PHOENIX — The state has gotten back some of the funds it sent to Washington to keep the Grand Canyon open during the federal shutdown.
Gov. Jan Brewer had sent off $651,000 earlier this month, enough to reopen the national park for a week. But Congress reached a deal at the end of the fifth day of state operation of the park.
Now the National Park Service has sent back the $186,000 it no longer needed for the last two days.
The state actually had another $837,000 Brewer was ready to send for another nine days, but gubernatorial press aide Andrew Wilder said federal officials told Arizona to hold on to its cash, at least for the time being.
“They essentially said, look, it appears that the shutdown's going to come to an end tonight. Why don't we hold off,” he said.
As it turns out, those federal sources were correct.
For both the refund of unused cash and the transfer not made, the state's share of that money was put back in the tourism fund, and the Tusayan town government and businesses got back their share.
But that still leaves the question of the $465,000 Arizona did spend to keep the gates open for five days.
Park Service officials say they are powerless to refund those dollars, even though the federal employees whose salaries the state paid for those five days are getting back pay. Instead, it will require the proverbial Act of Congress to replenish the state's coffers.
Brewer already is in pursuit.
In a letter to members of the state's congressional delegation, Brewer acknowledged the importance of having the tourist destination open to Arizona.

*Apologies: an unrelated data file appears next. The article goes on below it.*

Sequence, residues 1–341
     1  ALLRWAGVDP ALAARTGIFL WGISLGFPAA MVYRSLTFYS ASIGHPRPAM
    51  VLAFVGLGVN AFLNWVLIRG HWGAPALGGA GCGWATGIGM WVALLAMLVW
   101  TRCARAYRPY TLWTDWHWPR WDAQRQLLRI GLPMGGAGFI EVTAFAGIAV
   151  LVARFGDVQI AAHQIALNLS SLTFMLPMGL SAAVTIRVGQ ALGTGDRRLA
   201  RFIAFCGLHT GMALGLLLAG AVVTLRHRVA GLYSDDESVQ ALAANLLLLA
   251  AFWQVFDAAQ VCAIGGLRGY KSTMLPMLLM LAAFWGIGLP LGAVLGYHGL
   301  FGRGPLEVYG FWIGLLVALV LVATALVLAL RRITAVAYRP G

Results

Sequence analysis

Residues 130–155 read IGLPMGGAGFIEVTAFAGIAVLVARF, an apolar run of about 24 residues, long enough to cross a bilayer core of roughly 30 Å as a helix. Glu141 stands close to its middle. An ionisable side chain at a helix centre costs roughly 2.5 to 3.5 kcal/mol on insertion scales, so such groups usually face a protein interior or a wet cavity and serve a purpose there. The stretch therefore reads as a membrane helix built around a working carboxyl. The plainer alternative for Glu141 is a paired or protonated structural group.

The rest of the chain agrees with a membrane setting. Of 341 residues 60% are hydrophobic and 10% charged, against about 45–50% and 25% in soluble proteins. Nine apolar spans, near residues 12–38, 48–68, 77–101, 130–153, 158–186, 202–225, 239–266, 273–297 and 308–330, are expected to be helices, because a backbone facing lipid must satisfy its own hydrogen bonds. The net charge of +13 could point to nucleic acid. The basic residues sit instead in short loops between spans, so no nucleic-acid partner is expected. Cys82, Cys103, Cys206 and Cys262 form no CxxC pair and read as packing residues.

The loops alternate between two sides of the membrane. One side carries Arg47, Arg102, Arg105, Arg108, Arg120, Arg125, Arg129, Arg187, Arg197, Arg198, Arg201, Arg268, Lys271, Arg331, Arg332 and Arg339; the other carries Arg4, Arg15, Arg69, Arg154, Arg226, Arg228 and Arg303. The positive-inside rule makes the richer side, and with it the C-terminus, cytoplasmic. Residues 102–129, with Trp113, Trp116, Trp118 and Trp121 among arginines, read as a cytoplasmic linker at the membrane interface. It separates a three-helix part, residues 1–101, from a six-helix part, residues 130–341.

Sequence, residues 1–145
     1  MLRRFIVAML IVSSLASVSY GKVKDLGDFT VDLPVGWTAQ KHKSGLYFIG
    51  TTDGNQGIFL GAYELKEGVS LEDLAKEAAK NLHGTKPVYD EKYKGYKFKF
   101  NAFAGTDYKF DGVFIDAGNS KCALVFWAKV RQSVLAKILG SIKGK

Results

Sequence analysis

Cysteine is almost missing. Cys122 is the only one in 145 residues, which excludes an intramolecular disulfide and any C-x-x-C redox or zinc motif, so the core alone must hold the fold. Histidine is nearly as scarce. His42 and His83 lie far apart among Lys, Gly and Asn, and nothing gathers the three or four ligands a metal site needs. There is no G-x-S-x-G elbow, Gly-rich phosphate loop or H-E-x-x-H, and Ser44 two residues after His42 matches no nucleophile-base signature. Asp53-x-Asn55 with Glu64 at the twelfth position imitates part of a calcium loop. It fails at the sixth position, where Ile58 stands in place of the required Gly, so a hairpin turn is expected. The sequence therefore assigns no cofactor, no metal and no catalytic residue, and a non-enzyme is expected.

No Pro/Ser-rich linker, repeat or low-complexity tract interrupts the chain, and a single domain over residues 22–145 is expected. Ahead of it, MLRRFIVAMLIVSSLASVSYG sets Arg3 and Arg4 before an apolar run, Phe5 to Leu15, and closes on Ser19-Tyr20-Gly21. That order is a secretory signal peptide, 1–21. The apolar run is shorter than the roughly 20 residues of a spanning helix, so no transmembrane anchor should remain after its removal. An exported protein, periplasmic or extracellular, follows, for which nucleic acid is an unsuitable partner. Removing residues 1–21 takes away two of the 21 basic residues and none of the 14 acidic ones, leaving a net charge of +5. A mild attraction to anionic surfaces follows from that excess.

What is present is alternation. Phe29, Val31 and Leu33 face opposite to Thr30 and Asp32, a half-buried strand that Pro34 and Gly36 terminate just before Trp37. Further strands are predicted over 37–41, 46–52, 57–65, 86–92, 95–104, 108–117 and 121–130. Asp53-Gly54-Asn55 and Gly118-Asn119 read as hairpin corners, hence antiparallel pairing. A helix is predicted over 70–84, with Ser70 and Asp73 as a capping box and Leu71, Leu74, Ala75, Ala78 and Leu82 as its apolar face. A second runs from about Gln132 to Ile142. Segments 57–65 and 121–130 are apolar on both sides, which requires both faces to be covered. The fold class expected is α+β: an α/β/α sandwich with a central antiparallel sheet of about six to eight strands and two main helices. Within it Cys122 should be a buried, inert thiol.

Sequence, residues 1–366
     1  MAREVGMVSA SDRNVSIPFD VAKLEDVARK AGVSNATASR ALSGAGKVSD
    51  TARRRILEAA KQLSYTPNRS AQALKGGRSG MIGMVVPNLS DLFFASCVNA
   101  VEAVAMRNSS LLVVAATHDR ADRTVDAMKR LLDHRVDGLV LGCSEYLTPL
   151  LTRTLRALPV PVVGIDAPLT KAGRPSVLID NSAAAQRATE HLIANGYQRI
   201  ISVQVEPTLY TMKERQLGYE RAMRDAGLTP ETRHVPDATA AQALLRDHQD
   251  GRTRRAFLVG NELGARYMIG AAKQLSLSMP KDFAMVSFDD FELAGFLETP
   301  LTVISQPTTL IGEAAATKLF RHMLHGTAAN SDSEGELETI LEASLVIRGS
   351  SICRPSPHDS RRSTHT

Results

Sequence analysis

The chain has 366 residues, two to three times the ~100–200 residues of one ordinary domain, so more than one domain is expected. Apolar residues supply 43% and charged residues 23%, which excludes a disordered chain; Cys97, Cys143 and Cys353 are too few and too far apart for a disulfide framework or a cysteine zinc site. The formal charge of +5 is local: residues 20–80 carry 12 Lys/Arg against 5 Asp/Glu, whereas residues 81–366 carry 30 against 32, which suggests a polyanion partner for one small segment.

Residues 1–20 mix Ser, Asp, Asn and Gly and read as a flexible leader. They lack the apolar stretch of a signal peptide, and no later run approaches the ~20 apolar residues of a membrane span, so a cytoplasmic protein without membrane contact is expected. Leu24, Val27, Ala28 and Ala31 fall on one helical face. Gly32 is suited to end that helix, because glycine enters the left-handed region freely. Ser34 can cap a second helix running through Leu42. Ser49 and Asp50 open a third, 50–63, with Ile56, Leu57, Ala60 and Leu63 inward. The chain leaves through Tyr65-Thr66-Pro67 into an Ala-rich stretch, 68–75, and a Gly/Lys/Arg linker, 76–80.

“But while we were able to recover some critical revenue during the canyon's reopening to benefit local businesses, communities and the overall state economy, it is not right that Arizona had to pick up the federal government's tab,” Brewer wrote.
Rep. Paul Gosar, R-Ariz., already has introduced federal legislation to reimburse not just Arizona but other states which also cut deals with the Park Service to reopen facilities.
At this point it does not appear Brewer and the other governors should wait by the mailbox for the funds. Apryl Marie Fogel, Gosar's press aide, said there are no immediate plans to try to push the measure through on its own
“What we are attempting to do is to get that in the upcoming budget, which should be expected around January,” Fogel said.
It remains to be seen whether those budget negotiations process will be any more amicable than the ones that faltered and left the federal government shut down for 21 days this month.
The deal that ended the shutdown funds the government through Jan. 15 and lifts the debt limit through Feb. 7, but absent some consensus ahead of time about a deal, Congress could reach the same stalemate at that point, not only dooming any bid to reimburse states for the days the parks were open but also could result in yet new shutdowns — and new bids by states to finance park operations.
Despite that, Fogel said Gosar remains “pretty confident” he will at least be able to get Arizona back the money it is owed for the five days the state operated the Grand Canyon this month.